National Immunization Awareness Month: Get Ready to Go Back to School
Back-to-school season is a great time for people of all ages to remember to get up-to-date on vaccinations.
National Immunization Awareness Month in August helps draw attention to how vaccinations can help prevent kids and adults from getting diseases, especially life-threatening illnesses.
Vaccines have almost completely eliminated some diseases, such as polio, diphtheria, measles and mumps, in the United States. They are also necessary for children to enter school and go to college and for anyone to travel abroad.
In honor of National Immunization Awareness Month in August, here are some helpful facts about vaccines and tips to keep your family healthy.
How vaccines work
Vaccines work by helping the body build up immunity through introducing an imitation infection into the body, according to the Atlanta-based Centers for Disease Control and Prevention. Once the imitation infection has been introduced, your body starts to make specific types of white blood cells that are designed to recognize and destroy that infection.
You may experience some minor symptoms while the imitation infection is in your system. This is normal. Once the imitation infection has been destroyed, your body is left with a supply of white blood cells that will remember the infection and how to fight it.
Why vaccinate in August?
With children going back to school, they are exposed to more germs than during the summer months. There is a greater chance that they will bring germs home to spread to the rest of the family.
“With the flu vaccine, for instance, there is a high incidence of illness during the flu season,” says Julie Neuman, a registered nurse with Visiting Nurse Health System, Georgia’s largest nonprofit home healthcare and hospice provider. “If not vaccinated, more students are out sick or, if they choose not to stay at home, they risk spreading it.”
Check in with your doctor and your child’s pediatrician to stay up-to-date with your family’s vaccinations. That way, you can help prevent a serious illness that can cause your child to miss school and you to miss work, and in the worst case, result in a hospital visit.
Children start receiving vaccines at birth to help boost the immunity that babies receive during the last few weeks of pregnancy. The immunity will decrease over time, so vaccinating from the start will prevent them from getting diseases that their tiny bodies cannot fight off.
Children will continue to receive vaccines throughout the next 18 years. Your child’s doctor will know when each vaccine should be administered, or if there is any reason why your child should not receive a vaccine. The CDC also provides ways for you to keep track of your child’s vaccines.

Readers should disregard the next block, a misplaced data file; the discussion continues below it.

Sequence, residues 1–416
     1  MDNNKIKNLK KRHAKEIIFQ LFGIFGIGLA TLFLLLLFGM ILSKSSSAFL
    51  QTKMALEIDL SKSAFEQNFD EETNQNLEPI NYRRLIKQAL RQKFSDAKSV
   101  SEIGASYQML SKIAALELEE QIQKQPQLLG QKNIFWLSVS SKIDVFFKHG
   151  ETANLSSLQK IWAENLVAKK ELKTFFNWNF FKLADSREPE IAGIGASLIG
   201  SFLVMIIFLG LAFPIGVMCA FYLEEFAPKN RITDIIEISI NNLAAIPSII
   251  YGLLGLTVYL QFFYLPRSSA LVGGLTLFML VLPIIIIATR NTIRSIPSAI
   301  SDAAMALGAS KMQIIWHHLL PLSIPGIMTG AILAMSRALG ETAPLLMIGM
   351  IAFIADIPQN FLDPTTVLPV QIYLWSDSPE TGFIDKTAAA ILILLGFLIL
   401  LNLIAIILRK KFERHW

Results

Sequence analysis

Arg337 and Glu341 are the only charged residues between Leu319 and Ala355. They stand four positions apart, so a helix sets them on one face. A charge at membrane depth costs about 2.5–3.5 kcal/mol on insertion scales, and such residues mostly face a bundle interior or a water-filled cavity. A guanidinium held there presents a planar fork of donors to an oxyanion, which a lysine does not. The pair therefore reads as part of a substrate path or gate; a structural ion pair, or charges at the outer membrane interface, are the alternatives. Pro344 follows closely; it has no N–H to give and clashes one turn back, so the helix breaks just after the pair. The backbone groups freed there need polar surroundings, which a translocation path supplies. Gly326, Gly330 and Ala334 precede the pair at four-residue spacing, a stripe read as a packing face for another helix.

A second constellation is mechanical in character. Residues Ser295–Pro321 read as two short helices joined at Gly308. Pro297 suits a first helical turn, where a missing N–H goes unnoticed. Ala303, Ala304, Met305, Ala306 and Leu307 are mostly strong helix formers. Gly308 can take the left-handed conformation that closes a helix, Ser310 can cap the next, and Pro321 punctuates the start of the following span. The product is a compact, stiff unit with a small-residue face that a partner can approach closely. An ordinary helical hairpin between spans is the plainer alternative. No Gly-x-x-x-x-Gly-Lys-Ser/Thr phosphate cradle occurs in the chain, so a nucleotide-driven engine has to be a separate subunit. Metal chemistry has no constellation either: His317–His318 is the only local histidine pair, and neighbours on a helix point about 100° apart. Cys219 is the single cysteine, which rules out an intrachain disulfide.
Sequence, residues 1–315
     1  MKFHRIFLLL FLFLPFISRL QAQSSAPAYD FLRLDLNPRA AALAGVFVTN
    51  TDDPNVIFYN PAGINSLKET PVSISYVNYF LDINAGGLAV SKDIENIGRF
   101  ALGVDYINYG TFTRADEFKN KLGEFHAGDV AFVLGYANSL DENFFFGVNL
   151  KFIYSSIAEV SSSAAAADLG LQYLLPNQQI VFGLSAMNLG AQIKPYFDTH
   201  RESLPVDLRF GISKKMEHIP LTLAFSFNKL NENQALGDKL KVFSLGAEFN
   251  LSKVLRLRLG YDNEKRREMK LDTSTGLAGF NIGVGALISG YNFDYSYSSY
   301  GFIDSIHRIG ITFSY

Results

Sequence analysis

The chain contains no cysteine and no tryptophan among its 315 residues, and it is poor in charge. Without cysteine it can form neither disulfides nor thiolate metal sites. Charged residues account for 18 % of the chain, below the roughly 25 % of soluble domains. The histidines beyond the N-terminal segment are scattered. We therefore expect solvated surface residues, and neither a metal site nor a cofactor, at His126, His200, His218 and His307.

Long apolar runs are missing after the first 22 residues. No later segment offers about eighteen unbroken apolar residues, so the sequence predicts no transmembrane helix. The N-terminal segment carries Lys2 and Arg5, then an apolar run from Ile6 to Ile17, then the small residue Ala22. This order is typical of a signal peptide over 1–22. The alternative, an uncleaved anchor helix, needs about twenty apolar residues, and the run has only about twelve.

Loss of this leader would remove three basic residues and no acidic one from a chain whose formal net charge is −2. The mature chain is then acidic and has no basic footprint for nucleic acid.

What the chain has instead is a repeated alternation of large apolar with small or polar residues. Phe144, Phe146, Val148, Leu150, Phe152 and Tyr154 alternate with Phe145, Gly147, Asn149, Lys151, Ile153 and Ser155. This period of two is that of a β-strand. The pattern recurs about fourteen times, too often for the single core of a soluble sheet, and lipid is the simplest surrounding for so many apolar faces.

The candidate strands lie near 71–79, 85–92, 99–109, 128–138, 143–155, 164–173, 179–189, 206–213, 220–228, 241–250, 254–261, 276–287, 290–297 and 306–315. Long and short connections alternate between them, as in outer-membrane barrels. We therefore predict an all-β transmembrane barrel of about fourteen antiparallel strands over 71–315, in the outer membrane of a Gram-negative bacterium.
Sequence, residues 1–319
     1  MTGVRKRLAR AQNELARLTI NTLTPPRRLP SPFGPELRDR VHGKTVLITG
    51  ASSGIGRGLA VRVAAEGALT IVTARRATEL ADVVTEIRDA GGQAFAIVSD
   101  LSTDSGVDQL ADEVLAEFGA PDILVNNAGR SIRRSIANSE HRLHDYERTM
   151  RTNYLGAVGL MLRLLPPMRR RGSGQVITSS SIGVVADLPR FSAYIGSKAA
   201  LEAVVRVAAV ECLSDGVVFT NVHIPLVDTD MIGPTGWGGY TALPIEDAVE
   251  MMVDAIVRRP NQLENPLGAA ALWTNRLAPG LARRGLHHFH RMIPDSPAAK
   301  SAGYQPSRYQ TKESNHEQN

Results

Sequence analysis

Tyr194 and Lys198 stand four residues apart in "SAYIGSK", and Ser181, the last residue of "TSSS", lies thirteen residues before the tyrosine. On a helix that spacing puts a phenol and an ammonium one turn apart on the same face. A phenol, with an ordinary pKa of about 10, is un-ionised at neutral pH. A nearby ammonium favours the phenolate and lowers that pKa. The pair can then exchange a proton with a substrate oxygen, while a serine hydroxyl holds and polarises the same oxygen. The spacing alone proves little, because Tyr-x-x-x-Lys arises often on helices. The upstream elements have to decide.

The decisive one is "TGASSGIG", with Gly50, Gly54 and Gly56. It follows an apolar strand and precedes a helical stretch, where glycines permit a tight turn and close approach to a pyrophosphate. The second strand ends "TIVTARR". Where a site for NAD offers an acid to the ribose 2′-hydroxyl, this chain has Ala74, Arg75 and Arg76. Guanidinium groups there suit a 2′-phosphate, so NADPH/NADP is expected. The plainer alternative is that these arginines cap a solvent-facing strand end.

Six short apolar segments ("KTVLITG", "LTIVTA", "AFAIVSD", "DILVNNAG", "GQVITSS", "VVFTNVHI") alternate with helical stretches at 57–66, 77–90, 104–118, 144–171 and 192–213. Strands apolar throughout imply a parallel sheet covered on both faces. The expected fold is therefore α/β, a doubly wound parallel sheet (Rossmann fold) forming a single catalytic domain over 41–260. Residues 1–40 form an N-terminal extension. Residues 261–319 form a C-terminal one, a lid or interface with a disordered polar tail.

You can find your child’s official immunization records in a few places, including your pediatrician’s office, any schools your child has attended and your state’s Immunization Information System.
Adults should receive a flu vaccine every flu season, Tdap vaccine at least once and a Td (tetanus, diphtheria) booster every 10 years. Age, health conditions, lifestyle, career choice and international travel will determine what other vaccines adults may need.
For adults with chronic diseases, it is essential that you stay up-to-date on their vaccinations. It is easier for complications to arise if you get certain vaccine-preventable diseases.
For college students…
College students move into a new living environment — dorms and apartments — away from home. Your school may ask for your immunization records and require you to receive a meningitis vaccination.
If you did not receive a Tdap vaccine as a child or adolescent, you should get it at least once to prevent pertussis (whooping cough), and then a Td (tetanus, diphtheria) booster every 10 years. A flu vaccine each year can help you prevent missing school or work.
For pregnant women…
It is crucial for women who are pregnant to get a flu vaccine, according to the CDC. If pregnant woman are not vaccinated and get the flu, they are at risk for serious complications which could lead to hospitalization. Pregnant women should also receive a Tdap vaccine, ideally between 27-36 weeks.
Events, such as flu clinics for all types of populations at workplaces, at schools or your community centers, can help support the importance of vaccinations. In August, use the hashtag #NIAM16 in recognition of National Immunization Awareness Month.